Because of this ever-present threat, it’s important to know what to look for if you suspect a loved one may be using and abusing drugs. Knowing how to spot addict behavior may even save their life.

Though there is hope, you’ll first need to know how to spot a problem in the first place. Here are 10 signs of addict behavior you’ll want to keep an eye out for.

1. Irritability

Everyone feels frustrated or angry sometimes. In fact, a little frustration is even healthy in some cases.

But if a loved one seems to be acting angry all the time, or it takes nothing more than a minor inconvenience to set them off, they may be using.

Stimulants like cocaine, methamphetamine, or synthetic marijuana can cause users to switch moods in a matter of seconds, turning a lovely, meek person into an erratic stranger.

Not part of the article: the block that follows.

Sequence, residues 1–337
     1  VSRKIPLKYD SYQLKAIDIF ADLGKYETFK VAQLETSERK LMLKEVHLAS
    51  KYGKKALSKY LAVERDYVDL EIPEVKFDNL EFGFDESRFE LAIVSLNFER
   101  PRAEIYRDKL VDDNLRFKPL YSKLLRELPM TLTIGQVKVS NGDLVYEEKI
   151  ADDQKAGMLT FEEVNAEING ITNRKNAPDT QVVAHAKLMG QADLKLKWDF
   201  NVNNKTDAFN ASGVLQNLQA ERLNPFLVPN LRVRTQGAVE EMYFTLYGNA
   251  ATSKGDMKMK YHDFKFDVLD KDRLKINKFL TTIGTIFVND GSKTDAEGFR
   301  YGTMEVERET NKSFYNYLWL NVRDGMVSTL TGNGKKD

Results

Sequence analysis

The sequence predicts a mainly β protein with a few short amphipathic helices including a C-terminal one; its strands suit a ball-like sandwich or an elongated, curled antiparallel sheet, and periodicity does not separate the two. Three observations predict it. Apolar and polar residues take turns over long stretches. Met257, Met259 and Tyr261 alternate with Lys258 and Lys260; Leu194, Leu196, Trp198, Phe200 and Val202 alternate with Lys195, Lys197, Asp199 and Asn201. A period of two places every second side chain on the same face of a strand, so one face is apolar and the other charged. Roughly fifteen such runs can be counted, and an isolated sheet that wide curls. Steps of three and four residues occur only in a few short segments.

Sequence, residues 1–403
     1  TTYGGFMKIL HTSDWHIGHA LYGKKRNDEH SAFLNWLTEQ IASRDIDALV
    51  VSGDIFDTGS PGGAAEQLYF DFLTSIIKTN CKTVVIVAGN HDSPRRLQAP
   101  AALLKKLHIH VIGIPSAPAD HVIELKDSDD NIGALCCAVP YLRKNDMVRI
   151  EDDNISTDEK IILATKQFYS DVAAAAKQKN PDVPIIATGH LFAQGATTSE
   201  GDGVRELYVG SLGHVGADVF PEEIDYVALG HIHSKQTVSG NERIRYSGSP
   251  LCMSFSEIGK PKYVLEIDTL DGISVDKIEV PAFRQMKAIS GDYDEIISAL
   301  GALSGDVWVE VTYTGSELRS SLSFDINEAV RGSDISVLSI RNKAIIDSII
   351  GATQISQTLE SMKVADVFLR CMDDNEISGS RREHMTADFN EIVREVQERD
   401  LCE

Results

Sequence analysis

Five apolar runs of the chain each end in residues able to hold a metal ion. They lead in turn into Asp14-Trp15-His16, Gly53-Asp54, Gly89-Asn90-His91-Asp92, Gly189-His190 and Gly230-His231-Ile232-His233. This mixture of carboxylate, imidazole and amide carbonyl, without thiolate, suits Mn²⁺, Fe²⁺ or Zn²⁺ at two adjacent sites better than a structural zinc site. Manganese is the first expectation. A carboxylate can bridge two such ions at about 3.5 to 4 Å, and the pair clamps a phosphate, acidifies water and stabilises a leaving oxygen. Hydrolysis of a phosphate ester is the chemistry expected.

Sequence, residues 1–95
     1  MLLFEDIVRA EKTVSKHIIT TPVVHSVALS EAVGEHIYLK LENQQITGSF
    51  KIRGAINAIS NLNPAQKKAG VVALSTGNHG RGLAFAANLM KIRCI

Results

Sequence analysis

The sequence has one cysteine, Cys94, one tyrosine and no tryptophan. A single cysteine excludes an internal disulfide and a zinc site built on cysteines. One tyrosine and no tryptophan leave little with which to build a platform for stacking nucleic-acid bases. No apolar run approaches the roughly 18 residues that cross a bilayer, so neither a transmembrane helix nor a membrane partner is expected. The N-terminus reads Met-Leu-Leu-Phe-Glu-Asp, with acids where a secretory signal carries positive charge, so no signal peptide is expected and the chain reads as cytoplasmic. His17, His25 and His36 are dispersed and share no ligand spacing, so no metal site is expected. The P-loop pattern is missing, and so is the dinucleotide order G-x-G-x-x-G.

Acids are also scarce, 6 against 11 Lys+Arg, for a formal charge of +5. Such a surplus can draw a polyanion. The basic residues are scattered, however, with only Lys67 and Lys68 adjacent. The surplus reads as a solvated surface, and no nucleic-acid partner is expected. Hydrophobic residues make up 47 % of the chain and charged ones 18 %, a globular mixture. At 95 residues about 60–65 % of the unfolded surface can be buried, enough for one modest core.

In many cases, this new sense of anger is caused by the user’s guilt. They know what they’re doing is wrong — and may even want to stop. But they’re too ashamed to reach out and ask for help.

Of course, this isn’t an excuse. If a loved one becomes physically or verbally abusive, remove yourself from the situation as soon as possible and alert the authorities if necessary.

2. Isolation

The saddest thing about watching a person sink deeper and deeper into substance abuse is seeing their personality change in real time.

Drugs have the ability to take a normal, healthy, social person and turn them into an introvert who refuses to even leave their home at times.

Note that isolation isn’t always a sign of drug abuse. In some instances, a loved one may be dealing with a bout of anxiety or agoraphobia which require addressing as well, albeit in a very different way.

But if you note a sudden and long-lasting change in a person’s social habits alongside any of the other drug addiction signs, it may be time to approach them about seeking treatment.

3. Impulsive Behavior

Addiction changes a person on a chemical basis. The very way they think can often change after using for only a few short weeks.

Chief among these behavioral changes is an increased desire to engage in risky behavior. An addict may be willing to do anything and everything necessary to get their next hit.

Frequent risky behaviors include: